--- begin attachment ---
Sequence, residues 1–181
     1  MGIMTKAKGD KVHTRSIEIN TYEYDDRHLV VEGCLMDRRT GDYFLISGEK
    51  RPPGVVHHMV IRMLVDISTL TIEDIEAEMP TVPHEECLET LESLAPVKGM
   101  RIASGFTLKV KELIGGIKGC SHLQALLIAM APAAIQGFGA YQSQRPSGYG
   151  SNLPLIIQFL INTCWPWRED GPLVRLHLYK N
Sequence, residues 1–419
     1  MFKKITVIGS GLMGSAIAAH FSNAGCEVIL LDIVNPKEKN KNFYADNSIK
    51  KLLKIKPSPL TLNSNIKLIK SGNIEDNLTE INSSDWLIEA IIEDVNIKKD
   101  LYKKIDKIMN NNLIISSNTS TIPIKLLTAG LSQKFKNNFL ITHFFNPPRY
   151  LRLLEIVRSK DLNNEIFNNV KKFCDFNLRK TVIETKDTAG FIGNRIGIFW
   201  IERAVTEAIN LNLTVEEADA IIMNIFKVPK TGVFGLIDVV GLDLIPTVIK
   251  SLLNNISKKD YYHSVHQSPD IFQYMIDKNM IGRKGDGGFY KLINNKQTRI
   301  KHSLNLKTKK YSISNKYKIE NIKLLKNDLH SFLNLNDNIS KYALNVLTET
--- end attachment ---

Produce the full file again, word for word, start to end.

Sequence, residues 1–181
     1  MGIMTKAKGD KVHTRSIEIN TYEYDDRHLV VEGCLMDRRT GDYFLISGEK
    51  RPPGVVHHMV IRMLVDISTL TIEDIEAEMP TVPHEECLET LESLAPVKGM
   101  RIASGFTLKV KELIGGIKGC SHLQALLIAM APAAIQGFGA YQSQRPSGYG
   151  SNLPLIIQFL INTCWPWRED GPLVRLHLYK N
Sequence, residues 1–419
     1  MFKKITVIGS GLMGSAIAAH FSNAGCEVIL LDIVNPKEKN KNFYADNSIK
    51  KLLKIKPSPL TLNSNIKLIK SGNIEDNLTE INSSDWLIEA IIEDVNIKKD
   101  LYKKIDKIMN NNLIISSNTS TIPIKLLTAG LSQKFKNNFL ITHFFNPPRY
   151  LRLLEIVRSK DLNNEIFNNV KKFCDFNLRK TVIETKDTAG FIGNRIGIFW
   201  IERAVTEAIN LNLTVEEADA IIMNIFKVPK TGVFGLIDVV GLDLIPTVIK
   251  SLLNNISKKD YYHSVHQSPD IFQYMIDKNM IGRKGDGGFY KLINNKQTRI
   301  KHSLNLKTKK YSISNKYKIE NIKLLKNDLH SFLNLNDNIS KYALNVLTET